Q: How do you know if you have the wrong pediatrician? What are the warning signs?
A: Your baby’s health provider becomes a part of your family. In some states, such as New York, a pediatrician will take care of your child until age 21—from cradle to college. Finding the right one is hard, but what if you have a doctor, but are having doubts? Here are four warning signs that you should go through the effort of finding a new doctor for your child.
Beware of doctors who refuse to give prenatal interviews. This visit is important to see if you feel comfortable in the practice, to ask questions, to have a chance to interact with the physician, and to find out if you are compatible with the physician’s personality and style of practice.
Do not use a provider who undermines your confidence. All new parents question themselves much of the time. With all of your personal and professional accomplishments, having a baby is something new and different, something you have never done before. If parents don’t know what to do or make a mistake, the pediatrician’s role is to gently build their confidence and not to criticize or reprimand.
When a provider does not listen to you Every family has traditions and beliefs; their own ideas about raising a child. These traditions and beliefs may or may not be the doctor’s point of view. The doctor needs to listen to the parents and to have a conversation with clear explanations as to why he/she may agree or disagree. A professional who forces his /her ideas upon you is wrong for you and your child. Asking questions should be comfortable and easy, not scary. When a provider gives you outdated advice Medicine is not an exact science and it changes with new research and discoveries. A doctor who is not up to date with the newest information may give you wrong advice. For example, syrup of ipecac was once widely used to induce vomiting when children would ingest a poison and all parents were told to have it in their home. But this remedy has been found to be dangerous and has not been used for many years.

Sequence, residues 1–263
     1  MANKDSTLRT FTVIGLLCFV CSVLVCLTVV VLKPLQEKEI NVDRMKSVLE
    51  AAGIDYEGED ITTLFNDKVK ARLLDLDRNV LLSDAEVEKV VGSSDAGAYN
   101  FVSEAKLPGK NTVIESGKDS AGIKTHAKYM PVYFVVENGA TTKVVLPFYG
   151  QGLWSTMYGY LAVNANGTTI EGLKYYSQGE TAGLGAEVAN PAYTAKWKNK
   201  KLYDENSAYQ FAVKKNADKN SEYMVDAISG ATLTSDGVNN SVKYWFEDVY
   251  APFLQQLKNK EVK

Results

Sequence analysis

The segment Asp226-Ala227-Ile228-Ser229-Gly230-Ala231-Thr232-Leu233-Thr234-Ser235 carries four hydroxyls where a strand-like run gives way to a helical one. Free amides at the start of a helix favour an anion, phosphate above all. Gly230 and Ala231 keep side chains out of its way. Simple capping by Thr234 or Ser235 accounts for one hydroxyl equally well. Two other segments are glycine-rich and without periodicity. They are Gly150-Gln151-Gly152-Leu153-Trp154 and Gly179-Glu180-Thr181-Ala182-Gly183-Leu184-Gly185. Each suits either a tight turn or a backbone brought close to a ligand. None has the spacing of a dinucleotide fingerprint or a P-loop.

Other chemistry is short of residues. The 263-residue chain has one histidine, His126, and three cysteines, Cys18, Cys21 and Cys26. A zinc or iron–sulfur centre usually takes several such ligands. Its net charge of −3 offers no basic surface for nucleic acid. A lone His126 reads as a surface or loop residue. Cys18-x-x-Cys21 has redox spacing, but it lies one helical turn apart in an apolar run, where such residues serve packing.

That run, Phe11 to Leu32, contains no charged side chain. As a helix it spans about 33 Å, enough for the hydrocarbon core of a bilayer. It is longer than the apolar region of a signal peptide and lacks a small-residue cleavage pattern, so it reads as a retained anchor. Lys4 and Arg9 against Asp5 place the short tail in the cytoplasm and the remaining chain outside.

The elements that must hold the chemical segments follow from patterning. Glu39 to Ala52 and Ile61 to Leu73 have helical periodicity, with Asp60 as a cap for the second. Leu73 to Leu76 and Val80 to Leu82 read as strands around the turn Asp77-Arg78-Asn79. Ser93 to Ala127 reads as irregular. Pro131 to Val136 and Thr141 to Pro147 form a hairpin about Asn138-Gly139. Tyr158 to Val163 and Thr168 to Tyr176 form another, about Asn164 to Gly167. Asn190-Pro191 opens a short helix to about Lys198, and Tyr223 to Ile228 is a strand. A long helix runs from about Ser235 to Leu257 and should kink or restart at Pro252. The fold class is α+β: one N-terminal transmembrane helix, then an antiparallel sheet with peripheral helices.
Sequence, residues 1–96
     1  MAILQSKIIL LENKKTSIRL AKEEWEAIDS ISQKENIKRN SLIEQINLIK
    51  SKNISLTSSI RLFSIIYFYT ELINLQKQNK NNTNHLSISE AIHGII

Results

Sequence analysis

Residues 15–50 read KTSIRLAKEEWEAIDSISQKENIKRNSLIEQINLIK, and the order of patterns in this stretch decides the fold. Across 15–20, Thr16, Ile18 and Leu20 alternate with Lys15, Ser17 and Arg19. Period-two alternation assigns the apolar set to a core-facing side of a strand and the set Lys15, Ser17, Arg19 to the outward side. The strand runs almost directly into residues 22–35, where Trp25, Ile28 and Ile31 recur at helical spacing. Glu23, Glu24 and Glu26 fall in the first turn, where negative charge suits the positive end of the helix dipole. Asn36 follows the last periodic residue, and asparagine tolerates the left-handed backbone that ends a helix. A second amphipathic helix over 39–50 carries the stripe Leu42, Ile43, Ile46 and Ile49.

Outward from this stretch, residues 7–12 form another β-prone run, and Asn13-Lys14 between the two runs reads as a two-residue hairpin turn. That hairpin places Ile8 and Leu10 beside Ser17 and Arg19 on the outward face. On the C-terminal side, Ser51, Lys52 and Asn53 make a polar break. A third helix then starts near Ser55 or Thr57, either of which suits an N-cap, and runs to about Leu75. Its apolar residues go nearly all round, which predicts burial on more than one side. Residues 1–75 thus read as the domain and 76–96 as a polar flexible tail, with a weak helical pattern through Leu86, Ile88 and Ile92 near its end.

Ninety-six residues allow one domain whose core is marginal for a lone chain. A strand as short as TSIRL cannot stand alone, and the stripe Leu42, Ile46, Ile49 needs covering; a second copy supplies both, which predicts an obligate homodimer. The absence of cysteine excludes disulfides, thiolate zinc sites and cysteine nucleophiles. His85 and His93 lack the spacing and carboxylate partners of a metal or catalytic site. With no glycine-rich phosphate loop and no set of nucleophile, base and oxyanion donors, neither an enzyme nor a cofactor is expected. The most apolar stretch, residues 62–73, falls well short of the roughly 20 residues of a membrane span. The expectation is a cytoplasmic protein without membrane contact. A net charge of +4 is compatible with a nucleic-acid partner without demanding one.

When there is no communication after hours or in emergencies You should know that if something serious happens after hours you can communicate with the doctor, his/hers associates, or someone covering the practice. They need to be informed and provide follow up. Many other issues need to be considered as well: the distance from the practice, insurance coverage, and hospital affiliation. But in the end, the level of comfort and trust is most important.
Erika Landau, M.D. with Abigail Brenner, M.D. wrote The Essential Guide to Baby’s First Year.
Erika Landau, M.D. is a pediatrician in New York. She has been in private practice since 1999. Dr. Landau is an Assistant Professor of Pediatrics and Director of the Student Health Center at the Mount Sinai School of Medicine. She has lectured nationally and internationally on issues concerning child advocacy, nutrition,chronic illness and women pysician’s health. Her articles have been published by the American Academy of Pediatrics and The International Pediatric Congress in The Netherlands and Israel. Born and educated in Romania, Dr. Landau completed her training at The Albert Einstein College of Medicine and The Rockefeller University in New York. Dr. Landau is a proud mother of a daughter and lives in New York with her family.
Abigail Brenner, M.D., (New York, N.Y. and San Francisco, Calif.) attended
New York Medical College and completed her internship and residency in
psychiatry at New York University-Bellevue Medical Center. She spent many
years as an attending physician at the NYU-Bellevue Adult Mental Hygiene
Clinic and as an assistant clinical professor at New York University Medical
School. A board-certified psychiatrist in practice for more than 30 years,
Dr. Brenner is a Fellow of the American Psychiatric Association. She is the
author of Transitions: How Women Embrace Change and Celebrate Life and
SHIFT: How to Deal When Life Changes and an ordained Interfaith Minister.
Dr. Brenner lives in San Francisco and New York, is married, the mother of
two, and a grandmother of four.